The Help

Olive Kitteridge

Elizabeth Strout's Olive Kitteridge is a "novel in stories". It is in fact, a series of 13 stories. The novel is set in Crosby, Maine a similar Northeast setting as Strout's other titles Abide With Me and Amy and Isabelle. Olive is a junior high teacher who lives in Crosby with her husband, Greg a pharmacist, and son, Christopher. Not all the stories focus on Olive and her life as they are centered on the town of Crosby, but she is the link. We accompany Olive through close to 30 years as she struggles through this thing we call life and all its challenges with love, bad communication, aging, raising children, depression, lonliness, and loss.

This is a novel about how we think life is going to be and then the harsh realilties of what really plays out. It asks the questions do we ever really know someone and do we ever really know ourselves? Strout's mastery is in how she writes about and through the layers of human emotions and interpersonal relationships, about the universal message of what it is to be deeply human in all its messy imperfections. Short stories are something readers either love or hate. Either way, I encourage you to try this book as it keeps you reading into the next and the next story. Olive Kitteridge is another one of my Best Fiction of 2009 titles!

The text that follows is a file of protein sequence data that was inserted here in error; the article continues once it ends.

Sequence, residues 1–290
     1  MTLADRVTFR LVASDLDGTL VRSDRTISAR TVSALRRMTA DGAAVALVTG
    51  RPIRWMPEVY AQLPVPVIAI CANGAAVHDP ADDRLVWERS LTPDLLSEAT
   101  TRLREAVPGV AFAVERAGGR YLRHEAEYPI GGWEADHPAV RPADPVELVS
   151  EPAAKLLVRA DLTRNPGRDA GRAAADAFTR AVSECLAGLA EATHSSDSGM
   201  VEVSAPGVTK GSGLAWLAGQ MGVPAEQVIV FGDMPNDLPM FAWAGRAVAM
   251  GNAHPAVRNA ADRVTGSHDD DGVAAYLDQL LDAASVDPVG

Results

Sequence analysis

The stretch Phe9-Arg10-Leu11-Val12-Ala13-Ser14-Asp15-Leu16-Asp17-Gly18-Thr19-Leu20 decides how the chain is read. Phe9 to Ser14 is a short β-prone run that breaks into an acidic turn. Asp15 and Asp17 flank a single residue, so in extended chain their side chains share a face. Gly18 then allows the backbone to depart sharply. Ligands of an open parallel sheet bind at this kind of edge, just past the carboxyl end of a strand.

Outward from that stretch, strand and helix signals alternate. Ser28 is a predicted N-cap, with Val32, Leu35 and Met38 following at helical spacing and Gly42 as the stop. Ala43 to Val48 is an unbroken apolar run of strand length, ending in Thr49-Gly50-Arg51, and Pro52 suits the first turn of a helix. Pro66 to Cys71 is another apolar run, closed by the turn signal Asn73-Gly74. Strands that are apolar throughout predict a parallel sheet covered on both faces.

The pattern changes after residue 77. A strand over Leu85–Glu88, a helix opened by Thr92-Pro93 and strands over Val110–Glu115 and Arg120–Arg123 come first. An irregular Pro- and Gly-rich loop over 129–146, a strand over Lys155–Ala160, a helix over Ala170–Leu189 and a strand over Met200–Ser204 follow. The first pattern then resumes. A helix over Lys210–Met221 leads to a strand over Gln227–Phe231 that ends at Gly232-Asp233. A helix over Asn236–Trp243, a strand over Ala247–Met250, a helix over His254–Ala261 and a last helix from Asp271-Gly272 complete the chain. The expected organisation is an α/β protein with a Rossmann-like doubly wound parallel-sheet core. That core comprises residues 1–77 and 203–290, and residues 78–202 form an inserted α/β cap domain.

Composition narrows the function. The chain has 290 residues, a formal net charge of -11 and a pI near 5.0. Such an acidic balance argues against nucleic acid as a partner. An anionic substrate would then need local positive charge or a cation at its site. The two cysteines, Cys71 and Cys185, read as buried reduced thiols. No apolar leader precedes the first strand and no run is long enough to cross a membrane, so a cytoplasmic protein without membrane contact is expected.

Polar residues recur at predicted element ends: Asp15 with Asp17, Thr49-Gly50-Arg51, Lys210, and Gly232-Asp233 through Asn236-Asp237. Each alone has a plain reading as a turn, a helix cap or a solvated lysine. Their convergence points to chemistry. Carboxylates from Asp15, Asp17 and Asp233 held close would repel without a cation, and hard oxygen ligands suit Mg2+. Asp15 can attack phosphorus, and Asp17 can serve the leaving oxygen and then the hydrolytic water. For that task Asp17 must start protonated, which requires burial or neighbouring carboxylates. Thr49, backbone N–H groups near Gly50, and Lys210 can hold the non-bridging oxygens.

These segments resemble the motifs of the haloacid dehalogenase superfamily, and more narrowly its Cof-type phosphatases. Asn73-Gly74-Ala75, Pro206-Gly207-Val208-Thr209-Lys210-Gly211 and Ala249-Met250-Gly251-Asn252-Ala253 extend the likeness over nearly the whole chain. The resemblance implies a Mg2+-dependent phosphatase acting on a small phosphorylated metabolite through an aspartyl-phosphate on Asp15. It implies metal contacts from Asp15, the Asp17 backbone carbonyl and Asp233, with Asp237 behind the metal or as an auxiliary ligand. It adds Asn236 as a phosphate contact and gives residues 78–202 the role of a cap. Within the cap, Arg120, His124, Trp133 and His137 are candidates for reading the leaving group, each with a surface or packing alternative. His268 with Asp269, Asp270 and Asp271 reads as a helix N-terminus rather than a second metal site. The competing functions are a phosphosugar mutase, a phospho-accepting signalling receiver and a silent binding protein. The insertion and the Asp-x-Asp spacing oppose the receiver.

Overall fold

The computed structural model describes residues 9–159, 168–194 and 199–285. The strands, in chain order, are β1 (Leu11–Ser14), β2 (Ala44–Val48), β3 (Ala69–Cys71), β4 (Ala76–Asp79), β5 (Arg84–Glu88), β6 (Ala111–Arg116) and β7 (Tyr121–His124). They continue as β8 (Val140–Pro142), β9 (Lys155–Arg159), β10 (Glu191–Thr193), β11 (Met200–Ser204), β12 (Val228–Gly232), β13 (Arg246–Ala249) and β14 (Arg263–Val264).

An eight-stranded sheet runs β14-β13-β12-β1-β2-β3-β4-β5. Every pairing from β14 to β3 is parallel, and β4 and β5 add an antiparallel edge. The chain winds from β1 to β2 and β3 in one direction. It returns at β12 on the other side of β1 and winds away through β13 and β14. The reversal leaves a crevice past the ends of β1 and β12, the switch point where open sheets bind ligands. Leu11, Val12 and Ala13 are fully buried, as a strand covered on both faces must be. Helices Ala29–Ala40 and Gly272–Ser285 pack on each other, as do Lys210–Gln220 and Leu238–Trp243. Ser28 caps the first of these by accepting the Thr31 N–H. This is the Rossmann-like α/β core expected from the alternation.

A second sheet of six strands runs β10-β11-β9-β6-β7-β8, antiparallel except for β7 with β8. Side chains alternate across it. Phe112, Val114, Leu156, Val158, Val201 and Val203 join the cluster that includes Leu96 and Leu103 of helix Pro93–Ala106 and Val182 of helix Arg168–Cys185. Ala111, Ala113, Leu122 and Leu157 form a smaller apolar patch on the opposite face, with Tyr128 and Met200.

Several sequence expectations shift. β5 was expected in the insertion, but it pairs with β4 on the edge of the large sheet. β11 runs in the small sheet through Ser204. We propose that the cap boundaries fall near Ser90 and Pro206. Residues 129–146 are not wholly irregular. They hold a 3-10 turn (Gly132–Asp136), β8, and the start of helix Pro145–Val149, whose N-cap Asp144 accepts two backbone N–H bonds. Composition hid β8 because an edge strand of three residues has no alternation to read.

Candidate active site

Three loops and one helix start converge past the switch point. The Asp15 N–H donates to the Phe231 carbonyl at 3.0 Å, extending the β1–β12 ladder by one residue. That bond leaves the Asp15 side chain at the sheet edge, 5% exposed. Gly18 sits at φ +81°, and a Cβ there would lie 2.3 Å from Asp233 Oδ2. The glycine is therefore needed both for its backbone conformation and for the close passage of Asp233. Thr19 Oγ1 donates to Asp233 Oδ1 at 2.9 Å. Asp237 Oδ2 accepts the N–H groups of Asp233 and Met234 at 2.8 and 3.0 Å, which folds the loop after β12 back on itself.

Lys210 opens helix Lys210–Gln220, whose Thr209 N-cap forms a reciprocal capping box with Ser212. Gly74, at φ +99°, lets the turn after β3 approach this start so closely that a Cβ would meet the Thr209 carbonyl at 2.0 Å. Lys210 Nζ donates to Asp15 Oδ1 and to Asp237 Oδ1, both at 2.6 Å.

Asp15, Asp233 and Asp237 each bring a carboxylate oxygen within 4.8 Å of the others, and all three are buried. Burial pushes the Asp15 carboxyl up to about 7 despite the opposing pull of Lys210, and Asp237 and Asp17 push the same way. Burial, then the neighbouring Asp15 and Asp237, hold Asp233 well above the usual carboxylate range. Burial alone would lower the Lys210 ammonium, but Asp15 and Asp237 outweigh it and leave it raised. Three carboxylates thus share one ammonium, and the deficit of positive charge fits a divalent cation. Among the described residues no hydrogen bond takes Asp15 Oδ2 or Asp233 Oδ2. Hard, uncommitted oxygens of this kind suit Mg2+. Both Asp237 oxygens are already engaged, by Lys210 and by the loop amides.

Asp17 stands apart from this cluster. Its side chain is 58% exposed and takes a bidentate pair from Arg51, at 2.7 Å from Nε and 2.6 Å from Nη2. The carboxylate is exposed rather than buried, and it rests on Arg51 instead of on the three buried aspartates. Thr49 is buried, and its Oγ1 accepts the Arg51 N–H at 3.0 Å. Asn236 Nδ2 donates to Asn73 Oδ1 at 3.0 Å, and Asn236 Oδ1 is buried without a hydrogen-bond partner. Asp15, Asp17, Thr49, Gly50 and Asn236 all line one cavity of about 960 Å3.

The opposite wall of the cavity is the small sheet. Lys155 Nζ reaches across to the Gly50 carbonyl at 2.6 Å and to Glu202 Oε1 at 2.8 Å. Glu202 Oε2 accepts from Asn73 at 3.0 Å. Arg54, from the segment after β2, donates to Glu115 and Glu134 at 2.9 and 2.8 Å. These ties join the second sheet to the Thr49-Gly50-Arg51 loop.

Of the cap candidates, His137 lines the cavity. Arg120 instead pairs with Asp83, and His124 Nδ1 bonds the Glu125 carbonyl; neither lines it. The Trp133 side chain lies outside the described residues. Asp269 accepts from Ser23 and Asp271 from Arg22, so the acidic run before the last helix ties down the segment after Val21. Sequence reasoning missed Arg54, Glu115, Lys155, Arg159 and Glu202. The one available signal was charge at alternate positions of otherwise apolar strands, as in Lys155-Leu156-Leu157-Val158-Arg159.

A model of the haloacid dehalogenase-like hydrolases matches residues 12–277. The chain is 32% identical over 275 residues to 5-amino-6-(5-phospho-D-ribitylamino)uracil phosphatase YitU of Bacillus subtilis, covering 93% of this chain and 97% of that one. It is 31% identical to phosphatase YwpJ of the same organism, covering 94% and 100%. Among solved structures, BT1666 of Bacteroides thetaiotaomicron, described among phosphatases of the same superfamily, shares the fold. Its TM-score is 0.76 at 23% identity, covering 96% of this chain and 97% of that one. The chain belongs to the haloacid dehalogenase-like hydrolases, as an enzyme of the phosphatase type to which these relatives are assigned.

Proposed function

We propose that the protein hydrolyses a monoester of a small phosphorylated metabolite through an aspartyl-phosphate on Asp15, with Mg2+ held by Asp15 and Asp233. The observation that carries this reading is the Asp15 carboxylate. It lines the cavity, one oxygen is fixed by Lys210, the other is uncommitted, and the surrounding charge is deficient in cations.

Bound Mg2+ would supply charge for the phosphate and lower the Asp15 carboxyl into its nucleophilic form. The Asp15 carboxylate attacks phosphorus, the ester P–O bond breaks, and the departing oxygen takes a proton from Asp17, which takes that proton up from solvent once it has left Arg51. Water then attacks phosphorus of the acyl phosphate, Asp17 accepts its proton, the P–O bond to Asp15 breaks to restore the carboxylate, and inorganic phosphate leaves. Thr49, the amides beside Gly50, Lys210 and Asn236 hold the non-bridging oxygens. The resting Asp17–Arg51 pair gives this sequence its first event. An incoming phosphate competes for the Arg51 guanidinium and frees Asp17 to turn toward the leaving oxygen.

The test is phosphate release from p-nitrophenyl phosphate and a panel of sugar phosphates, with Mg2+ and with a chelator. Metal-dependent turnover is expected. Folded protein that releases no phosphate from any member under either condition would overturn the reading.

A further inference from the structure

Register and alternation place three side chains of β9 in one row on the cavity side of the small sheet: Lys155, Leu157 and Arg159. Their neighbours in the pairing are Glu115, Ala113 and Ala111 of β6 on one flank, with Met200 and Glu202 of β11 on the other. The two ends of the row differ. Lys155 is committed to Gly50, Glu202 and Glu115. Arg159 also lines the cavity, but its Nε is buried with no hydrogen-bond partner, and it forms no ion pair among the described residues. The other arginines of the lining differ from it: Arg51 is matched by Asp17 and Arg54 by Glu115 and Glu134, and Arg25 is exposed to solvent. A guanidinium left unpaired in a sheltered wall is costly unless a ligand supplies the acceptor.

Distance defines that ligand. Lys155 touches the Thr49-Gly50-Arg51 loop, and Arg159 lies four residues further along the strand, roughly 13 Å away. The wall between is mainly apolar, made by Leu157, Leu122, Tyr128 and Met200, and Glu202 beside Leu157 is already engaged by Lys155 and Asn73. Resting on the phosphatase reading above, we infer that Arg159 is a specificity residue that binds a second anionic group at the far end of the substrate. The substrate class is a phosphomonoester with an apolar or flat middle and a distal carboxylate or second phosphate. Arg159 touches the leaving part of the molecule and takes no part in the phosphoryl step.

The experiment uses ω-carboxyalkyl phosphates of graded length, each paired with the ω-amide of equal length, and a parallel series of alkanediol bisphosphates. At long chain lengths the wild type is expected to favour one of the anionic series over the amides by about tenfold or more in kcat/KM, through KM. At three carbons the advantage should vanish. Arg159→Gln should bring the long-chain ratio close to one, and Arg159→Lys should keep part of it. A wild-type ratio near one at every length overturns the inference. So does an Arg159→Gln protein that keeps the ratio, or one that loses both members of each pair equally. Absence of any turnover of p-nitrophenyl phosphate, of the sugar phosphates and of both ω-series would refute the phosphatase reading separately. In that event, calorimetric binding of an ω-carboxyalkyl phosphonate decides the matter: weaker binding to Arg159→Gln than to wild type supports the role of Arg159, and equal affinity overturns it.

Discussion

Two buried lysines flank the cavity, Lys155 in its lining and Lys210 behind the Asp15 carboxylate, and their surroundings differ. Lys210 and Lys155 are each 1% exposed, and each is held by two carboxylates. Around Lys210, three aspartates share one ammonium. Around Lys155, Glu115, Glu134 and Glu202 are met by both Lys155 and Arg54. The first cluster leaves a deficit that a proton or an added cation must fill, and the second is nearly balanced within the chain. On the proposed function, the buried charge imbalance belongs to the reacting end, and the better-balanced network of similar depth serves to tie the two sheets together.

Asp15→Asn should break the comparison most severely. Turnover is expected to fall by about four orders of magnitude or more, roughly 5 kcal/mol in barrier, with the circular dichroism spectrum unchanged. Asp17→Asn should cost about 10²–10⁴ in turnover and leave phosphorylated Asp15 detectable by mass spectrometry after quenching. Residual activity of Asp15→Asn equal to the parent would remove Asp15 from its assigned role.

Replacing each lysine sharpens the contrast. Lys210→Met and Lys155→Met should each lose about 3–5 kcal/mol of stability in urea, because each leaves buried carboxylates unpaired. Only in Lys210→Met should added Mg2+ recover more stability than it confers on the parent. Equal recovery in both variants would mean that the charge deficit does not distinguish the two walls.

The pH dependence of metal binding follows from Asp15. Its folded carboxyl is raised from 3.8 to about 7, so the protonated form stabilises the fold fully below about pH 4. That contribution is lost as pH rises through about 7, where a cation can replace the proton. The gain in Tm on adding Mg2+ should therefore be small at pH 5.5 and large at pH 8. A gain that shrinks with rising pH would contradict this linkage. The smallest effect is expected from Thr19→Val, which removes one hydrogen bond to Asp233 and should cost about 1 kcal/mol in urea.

Olive Kitteridge

Last Minute Shopping Ideas

Of course, the best and most economical way to enjoy these wonderful nonfiction books would be to use your library card (or buy one for a non-resident user) but if you're engaged in some last minute holiday shopping, try these for the friend or family member who loves to read books about history, science, cooking, philosophy, current events, memoir, or poetry.


The Dawn of the Color Photograph by David Okuefuna